Where will Paul Ryan end up after he leaves Congress at the end of his term?
Just follow the money to Wall Street.
That’s the assessment from Republican aides and people who know the soon-to-be former speaker of the House of Representatives. On Wednesday, Ryan announced that he was retiring from politics — at least for the immediate future—and planning to do something else, whatever that might be.
Since the announcement, Ryan has been mum about his plans other than to say he wants to spend more time with his family, the motivating factor in his decision.
A spokeswoman told FOX Business: “The speaker does not know what his next career move will be, and he won't be making any decisions about that until the end of this term” in January.
But people in Congress who know Ryan say he has looked into following in the footsteps of his old friend and Republican house colleague, former Majority Leader Eric Cantor. After losing his seat in 2014, Cantor almost immediately went to work for the investment bank Moelis & Co. as the firm’s vice chairman and, of course, enjoyed a significant pay boost.
Ryan would have little problem finding a similar job at a major investment bank or private equity firm, given his knowledge of the way Washington works and his policy expertise in financial issues and budgets, according to people on Wall Street and in Washington.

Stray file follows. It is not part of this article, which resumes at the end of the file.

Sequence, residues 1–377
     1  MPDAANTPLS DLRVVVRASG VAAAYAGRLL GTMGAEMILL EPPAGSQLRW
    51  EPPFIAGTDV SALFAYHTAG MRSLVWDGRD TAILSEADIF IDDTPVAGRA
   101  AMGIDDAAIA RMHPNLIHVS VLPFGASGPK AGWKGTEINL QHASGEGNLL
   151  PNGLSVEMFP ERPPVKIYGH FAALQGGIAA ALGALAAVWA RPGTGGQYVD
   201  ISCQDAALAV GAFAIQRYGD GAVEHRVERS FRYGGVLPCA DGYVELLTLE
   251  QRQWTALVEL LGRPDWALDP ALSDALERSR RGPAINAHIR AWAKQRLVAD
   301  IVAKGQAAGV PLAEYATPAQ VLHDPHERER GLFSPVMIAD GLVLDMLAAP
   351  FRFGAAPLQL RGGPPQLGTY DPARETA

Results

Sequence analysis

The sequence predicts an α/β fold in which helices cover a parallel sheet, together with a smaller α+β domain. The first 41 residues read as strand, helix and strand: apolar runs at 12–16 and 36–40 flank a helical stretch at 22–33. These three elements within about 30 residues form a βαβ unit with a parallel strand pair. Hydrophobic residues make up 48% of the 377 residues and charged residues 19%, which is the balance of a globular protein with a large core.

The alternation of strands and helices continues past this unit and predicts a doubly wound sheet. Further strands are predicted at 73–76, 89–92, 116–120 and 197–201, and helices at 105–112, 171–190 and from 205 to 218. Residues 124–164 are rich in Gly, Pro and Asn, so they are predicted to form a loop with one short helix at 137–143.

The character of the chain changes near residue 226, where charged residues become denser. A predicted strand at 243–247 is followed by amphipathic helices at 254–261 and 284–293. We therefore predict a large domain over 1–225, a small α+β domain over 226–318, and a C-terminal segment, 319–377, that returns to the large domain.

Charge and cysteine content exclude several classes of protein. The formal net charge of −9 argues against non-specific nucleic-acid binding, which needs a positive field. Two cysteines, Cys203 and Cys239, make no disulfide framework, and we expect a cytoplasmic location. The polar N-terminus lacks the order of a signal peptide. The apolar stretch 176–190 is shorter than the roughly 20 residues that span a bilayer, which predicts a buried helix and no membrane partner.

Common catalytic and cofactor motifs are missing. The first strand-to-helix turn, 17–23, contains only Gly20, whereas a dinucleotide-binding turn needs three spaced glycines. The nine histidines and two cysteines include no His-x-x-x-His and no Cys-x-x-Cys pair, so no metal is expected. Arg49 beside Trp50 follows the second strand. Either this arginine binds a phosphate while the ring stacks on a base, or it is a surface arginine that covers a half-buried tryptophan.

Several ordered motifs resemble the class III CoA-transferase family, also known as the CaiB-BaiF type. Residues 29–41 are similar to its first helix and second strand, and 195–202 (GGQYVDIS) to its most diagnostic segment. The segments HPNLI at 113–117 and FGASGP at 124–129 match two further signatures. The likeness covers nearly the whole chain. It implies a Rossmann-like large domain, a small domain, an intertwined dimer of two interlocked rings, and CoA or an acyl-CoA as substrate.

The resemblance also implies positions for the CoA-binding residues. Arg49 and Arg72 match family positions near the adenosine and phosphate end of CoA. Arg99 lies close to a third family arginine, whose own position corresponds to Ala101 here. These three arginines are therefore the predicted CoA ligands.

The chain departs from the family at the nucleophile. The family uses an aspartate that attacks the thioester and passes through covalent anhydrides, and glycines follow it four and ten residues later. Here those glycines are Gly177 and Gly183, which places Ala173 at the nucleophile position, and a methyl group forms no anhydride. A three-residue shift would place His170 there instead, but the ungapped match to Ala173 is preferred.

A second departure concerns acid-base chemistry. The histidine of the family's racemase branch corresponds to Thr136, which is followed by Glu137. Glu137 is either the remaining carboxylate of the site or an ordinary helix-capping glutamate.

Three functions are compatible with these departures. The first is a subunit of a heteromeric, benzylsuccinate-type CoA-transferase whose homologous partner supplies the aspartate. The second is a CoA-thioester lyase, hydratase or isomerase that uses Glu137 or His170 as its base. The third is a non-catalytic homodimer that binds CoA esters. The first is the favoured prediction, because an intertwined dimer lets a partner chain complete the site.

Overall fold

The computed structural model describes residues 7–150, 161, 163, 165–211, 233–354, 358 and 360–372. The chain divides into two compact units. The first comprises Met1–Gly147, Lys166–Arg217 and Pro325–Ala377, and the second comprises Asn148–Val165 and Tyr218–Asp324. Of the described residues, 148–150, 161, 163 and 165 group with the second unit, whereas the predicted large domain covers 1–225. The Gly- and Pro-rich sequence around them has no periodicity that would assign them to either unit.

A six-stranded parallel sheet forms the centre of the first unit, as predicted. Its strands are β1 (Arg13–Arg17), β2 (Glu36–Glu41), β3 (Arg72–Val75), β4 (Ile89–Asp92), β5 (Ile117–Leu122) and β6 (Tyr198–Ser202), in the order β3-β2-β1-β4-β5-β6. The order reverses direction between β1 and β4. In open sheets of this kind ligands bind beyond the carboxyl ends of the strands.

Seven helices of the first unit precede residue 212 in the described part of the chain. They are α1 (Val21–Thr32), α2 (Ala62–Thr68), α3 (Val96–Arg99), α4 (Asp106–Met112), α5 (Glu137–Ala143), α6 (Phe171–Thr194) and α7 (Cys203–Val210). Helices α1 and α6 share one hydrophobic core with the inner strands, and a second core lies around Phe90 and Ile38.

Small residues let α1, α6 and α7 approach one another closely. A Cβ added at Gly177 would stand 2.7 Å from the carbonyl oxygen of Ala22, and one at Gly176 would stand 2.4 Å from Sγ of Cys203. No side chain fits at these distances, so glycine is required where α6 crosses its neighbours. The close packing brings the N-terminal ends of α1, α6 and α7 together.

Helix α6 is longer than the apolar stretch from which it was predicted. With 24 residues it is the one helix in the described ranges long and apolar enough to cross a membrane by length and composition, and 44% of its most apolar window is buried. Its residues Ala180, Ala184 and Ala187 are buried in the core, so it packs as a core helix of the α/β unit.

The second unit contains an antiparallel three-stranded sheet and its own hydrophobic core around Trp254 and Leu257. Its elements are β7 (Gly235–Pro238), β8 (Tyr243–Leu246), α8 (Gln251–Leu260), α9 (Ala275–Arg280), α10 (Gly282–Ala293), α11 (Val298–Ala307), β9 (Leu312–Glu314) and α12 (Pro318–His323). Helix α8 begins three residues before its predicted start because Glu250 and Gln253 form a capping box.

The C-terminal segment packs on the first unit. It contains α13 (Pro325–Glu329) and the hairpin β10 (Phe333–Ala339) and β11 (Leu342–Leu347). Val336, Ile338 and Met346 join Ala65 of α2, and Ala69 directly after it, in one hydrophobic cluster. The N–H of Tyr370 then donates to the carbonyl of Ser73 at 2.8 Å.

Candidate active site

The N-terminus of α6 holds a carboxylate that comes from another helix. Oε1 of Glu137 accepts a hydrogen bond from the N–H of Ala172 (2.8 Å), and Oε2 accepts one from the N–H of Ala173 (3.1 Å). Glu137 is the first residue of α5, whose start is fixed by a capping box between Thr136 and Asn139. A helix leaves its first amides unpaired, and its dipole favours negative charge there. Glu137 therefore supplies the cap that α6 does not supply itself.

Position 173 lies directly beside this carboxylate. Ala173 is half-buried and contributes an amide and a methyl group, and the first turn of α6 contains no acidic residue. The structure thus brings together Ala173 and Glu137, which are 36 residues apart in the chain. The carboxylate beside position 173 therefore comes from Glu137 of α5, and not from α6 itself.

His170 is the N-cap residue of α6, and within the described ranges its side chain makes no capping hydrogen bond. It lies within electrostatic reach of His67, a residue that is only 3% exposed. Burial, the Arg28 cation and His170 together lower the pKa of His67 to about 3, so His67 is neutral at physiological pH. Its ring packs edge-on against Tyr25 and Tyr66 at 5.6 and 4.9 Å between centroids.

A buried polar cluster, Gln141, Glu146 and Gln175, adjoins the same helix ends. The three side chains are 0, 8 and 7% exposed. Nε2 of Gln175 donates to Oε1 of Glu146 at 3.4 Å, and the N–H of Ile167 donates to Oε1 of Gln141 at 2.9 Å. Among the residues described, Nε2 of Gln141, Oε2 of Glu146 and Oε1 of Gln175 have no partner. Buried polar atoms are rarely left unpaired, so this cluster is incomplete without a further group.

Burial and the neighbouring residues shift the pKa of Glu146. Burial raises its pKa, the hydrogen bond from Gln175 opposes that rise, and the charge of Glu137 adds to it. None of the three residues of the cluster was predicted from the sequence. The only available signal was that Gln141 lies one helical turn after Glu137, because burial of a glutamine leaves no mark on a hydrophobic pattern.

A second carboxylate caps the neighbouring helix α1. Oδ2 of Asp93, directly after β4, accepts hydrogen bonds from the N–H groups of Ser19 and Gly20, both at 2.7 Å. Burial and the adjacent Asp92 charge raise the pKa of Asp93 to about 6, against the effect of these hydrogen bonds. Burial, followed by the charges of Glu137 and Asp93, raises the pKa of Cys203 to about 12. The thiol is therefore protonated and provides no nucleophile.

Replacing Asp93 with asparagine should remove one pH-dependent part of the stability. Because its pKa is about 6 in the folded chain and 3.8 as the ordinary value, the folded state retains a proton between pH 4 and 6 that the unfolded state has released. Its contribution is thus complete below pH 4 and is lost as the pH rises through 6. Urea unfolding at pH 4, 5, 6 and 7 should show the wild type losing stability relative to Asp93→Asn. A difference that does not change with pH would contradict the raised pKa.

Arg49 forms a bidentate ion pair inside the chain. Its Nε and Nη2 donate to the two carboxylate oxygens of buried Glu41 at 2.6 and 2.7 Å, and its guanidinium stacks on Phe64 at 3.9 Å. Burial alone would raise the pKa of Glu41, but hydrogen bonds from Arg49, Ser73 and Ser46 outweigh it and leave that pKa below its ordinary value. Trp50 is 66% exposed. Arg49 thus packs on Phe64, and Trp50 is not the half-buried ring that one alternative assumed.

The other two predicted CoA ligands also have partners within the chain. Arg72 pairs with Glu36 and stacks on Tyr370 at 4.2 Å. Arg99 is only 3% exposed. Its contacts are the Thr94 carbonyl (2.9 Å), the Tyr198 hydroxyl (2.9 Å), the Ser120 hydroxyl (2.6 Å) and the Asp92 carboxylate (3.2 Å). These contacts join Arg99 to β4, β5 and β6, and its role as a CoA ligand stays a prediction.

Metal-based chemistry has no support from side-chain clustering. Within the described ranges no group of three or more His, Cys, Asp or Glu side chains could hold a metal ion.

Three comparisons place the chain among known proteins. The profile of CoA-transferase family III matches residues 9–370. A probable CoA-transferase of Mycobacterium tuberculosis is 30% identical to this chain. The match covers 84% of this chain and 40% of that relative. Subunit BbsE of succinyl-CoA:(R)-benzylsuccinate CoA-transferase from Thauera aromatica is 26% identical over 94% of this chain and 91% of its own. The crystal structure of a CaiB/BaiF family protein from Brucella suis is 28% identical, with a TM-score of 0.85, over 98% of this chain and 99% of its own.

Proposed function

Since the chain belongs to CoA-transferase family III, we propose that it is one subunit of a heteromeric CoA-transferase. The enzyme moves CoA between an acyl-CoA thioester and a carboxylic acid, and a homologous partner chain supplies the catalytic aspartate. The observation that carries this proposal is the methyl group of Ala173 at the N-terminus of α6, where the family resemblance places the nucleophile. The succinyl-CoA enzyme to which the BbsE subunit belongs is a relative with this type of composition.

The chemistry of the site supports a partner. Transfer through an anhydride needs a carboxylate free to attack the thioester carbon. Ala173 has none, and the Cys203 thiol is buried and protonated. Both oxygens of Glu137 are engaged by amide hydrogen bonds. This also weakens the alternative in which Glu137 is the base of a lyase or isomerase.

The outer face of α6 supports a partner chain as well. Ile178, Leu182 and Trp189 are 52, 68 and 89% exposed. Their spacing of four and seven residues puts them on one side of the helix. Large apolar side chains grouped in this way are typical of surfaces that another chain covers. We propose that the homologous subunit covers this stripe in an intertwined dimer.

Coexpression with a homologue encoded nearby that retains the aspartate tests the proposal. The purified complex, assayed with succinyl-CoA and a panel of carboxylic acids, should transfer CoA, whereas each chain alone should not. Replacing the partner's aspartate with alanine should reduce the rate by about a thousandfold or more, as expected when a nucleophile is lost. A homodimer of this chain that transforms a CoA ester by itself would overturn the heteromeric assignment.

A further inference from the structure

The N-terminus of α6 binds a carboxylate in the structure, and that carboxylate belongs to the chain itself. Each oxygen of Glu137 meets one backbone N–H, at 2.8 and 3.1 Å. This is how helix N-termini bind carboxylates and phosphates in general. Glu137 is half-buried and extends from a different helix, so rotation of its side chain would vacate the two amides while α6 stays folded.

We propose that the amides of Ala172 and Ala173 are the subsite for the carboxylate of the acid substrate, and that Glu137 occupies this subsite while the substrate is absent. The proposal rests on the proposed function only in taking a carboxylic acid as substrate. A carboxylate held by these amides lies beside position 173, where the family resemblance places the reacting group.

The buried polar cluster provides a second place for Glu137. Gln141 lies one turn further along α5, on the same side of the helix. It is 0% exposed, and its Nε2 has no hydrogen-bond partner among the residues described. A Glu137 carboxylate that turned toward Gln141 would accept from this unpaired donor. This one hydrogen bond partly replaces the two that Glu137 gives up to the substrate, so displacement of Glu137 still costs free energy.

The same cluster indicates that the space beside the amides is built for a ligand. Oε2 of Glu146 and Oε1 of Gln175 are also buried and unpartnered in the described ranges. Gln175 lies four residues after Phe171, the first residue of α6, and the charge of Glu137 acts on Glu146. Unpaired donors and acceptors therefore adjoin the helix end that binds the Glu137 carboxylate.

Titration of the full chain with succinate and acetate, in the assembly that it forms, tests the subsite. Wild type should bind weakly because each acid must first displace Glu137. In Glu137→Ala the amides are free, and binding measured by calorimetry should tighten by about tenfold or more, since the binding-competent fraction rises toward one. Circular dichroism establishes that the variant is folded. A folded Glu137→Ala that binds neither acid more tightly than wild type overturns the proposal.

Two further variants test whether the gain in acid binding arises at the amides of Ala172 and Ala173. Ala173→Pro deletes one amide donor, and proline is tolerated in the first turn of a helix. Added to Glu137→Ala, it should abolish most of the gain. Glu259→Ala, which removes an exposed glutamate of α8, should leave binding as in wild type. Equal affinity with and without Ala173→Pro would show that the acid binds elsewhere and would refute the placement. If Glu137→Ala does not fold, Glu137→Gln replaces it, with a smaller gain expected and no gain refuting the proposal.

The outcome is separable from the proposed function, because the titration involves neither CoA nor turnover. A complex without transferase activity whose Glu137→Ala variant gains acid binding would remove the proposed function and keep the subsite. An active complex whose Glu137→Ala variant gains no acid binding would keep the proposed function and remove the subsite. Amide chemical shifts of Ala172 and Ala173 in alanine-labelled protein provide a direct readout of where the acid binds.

Once known as a fiercely ideological conservative, a devotee of Ayn Rand and Jack Kemp, no less, Ryan has more recently gained a reputation as a pragmatist, particularly on such issues as immigration. He took a decidedly moderate tone that has alienated some members of the conservative movement but would make him a perfect fit for Wall Street.
But it’s Ryan’s policy chops that make him especially employable in the financial world. Before becoming House speaker, he was chairman of the House budget committee, a leading member of the bipartisan National Commission on Fiscal Responsibility and Reform, better known as the Simpson-Bowles Commission after its leaders: former Senator Alan Simpson of Wyoming and Clinton administration White House Chief of Staff Erskine Bowles.
And Ryan has an amazing Rolodex of contacts, which have made him a prolific fundraiser for Republican causes. Ryan has raised more than $50 million in the 2018 election cycle as the GOP attempts to hold on to its majorities in the House and the Senate this year.
“He will be an excellent rainmaker,” said a veteran GOP staffer who knows Ryan well. “The money he raised on his leadership PAC is proof he can make that happen, and Wall Street loves that stuff.”
Congressional sources said that after Ryan makes his money in the private sector, look for him to return to the political realm and follow the example of another old friend, Mitt Romney, the GOP’s 2012 presidential candidate, who tapped Ryan as his running mate that year. Romney entered politics after making a fortune at the helm of the private equity firm Bain Capital.
When asked about Ryan’s presidential ambitions, his spokeswoman referred to a CNN interview in which he said: “That is not my plan … right now. The last thing I'm thinking about is running for something.”